Better Pest Management by Richard Lindquist

By |

Better Pest Management by Richard Lindquist

It’s hard enough to remember yesterday at my age, let alone to predict the future–especially a future 25 years out. As I thought about things like long-range weather forecasts, preseason sports predictions and pre-primary predictions of who the presidential candidates would be, my confidence returned. These predictions–by experts–are for periods as short as three days and as long as a year or more. And those who predict the weather, sports outcomes and the next president are frequently wrong.

I might be just as wrong about an even longer period of time, so here are some fearless predictions of events that probably will not happen and why.

Aphids, whiteflies, thrips, botrytis, downy mildews, powdery mildews, root rots and more pests will all disappear. Not gonna happen! The same general group of insects–mite and plant pathogen pests–will continue to entertain the next generation, just as they have for past and present generations. As long as there are well-fertilized and irrigated crops continuously produced in enclosed structures, those pests will be there. Sure, the top 10 pests might change somewhat, but the same core group will hang around. If the worldwide movement of plants and commercialization of new plant species continues, new pests will magically appear to further complicate things.

There will be five to 10 new products in different mode of action groups brought to market every year. Wrong. New conventional pesticide product development will remain slow. Patents on products will continue to expire. Broad spectrum products will disappear. Nearly all pesticides will be generic, offering numerous choices among product names–not modes of action. Many new products will be developed and marketed by smaller specialty companies and be biologically based such as microbials and plant extracts.

Pesticide resistance will not be a problem. Ha! Pesticide resistance will no doubt increase. New combination products and exotic tank mixes will help for a while. But if U.S. greenhouse production continues to gather in warmer areas or if climate change keeps warming things up everywhere, insects and mites will have more generations per year, and some warm weather plant pathogens (e.g. Erwinia, Phytophthora) will also cause more problems. Resistance will be the norm, not the exception.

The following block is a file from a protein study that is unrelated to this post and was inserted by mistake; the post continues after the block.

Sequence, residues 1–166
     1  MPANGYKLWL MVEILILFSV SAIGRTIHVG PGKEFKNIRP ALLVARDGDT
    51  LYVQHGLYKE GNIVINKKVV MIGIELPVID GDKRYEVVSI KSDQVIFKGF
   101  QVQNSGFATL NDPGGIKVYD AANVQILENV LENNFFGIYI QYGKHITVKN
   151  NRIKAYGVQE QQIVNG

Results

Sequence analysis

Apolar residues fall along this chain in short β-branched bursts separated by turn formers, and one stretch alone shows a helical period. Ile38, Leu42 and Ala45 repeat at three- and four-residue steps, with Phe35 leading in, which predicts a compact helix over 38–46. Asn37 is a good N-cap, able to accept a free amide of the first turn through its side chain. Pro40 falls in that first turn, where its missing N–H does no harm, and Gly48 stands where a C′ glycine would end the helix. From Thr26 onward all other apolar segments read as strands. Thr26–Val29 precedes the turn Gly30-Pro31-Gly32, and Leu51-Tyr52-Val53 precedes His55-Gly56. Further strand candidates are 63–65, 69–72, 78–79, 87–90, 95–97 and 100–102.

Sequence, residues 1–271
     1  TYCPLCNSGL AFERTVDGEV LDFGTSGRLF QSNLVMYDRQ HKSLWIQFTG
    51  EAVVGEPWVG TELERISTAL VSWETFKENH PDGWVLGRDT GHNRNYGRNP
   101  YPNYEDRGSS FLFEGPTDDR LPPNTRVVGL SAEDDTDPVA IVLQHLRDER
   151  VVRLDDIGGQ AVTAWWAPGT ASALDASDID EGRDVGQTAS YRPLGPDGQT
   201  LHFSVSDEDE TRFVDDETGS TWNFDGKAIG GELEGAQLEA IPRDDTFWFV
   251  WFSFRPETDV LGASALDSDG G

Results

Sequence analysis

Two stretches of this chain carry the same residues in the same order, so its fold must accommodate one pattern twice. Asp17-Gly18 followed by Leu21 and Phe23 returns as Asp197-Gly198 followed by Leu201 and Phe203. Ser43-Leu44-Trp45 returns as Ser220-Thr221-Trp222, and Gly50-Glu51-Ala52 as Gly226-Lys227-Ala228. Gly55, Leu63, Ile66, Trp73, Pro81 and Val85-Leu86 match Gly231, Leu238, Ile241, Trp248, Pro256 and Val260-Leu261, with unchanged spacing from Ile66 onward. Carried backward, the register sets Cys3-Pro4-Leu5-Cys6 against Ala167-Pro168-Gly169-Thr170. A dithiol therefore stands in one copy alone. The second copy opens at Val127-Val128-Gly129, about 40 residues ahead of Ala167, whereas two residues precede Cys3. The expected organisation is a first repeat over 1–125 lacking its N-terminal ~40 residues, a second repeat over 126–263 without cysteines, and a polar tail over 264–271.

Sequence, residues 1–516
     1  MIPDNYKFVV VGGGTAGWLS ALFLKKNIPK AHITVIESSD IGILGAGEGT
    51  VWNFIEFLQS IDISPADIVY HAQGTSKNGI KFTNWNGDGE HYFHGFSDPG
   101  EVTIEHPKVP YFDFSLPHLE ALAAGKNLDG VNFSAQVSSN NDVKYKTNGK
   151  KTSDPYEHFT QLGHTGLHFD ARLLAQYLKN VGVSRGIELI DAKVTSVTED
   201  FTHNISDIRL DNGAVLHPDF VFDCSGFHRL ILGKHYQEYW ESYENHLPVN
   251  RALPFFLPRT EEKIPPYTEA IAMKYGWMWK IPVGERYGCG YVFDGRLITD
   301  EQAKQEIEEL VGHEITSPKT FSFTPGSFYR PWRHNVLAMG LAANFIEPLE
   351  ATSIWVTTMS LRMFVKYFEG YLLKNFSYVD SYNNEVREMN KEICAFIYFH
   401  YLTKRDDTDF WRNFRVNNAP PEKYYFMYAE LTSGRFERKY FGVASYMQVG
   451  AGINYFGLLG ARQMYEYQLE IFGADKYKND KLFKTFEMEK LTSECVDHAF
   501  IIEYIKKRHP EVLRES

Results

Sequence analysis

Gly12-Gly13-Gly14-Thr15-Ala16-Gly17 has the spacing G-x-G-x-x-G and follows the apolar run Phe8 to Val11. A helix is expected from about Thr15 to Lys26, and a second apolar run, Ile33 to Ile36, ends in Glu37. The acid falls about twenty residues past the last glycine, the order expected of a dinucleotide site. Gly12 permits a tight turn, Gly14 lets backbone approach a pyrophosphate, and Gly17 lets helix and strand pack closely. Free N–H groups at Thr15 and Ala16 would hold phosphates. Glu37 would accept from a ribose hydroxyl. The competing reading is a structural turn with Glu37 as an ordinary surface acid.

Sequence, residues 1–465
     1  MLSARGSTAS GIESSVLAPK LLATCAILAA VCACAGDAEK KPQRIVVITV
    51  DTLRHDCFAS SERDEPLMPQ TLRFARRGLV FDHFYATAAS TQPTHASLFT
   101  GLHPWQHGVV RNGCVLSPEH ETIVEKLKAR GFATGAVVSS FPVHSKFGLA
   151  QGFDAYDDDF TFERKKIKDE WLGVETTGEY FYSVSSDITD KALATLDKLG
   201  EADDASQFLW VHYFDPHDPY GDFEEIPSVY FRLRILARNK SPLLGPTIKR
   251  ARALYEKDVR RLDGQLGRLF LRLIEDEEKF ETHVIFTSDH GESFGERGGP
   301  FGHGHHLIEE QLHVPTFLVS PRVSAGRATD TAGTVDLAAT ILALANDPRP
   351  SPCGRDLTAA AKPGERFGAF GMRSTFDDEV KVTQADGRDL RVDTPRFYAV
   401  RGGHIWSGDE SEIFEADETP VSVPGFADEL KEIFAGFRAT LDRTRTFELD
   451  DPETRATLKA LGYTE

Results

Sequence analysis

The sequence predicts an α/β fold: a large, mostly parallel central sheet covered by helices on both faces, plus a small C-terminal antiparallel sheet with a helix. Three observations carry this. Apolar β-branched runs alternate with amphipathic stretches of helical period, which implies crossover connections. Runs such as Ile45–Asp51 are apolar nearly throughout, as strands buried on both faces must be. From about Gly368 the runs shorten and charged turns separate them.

There will be a huge increase in federal and state research funding to deal with everything mentioned. Oh, never mind. It was just a dream. As in the past, there will not be enough money or people to deal with new and existing pests. Some of the current funding sources–IR-4, American Floral Endowment, Horticultural Research Institute, the International Cut Flower Growers Association–may still be around in 25 years. But there isn’t enough money and people to go around now, and there’s no reason to expect this to change in the future. Do more with less as we were told back in our university days.

So, is it all gloom and doom? Maybe not. Future products will be more compatible with biological controls, allowing (or forcing) increased uses of integrated pest management programs. Environmental controls will be a major part of such programs. Many growers have been proactive in developing integrated systems to help manage pesticide resistance. Many more will follow.

In pest management, one size does not fit all. I certainly hope that self-appointed groups who suggest what growers can and cannot use to manage pests on their crops will go away. It’s not going to get any easier to produce quality plants at a profit in the future, so why take away perfectly useful–and registered–tools based on some I’m-greener-than-you-are club membership? Use all the tools available and, of course, use them properly.

Richard Lindquist, now retired, most recently served OHP as its senior technical director.

Tags:

    Leave a Reply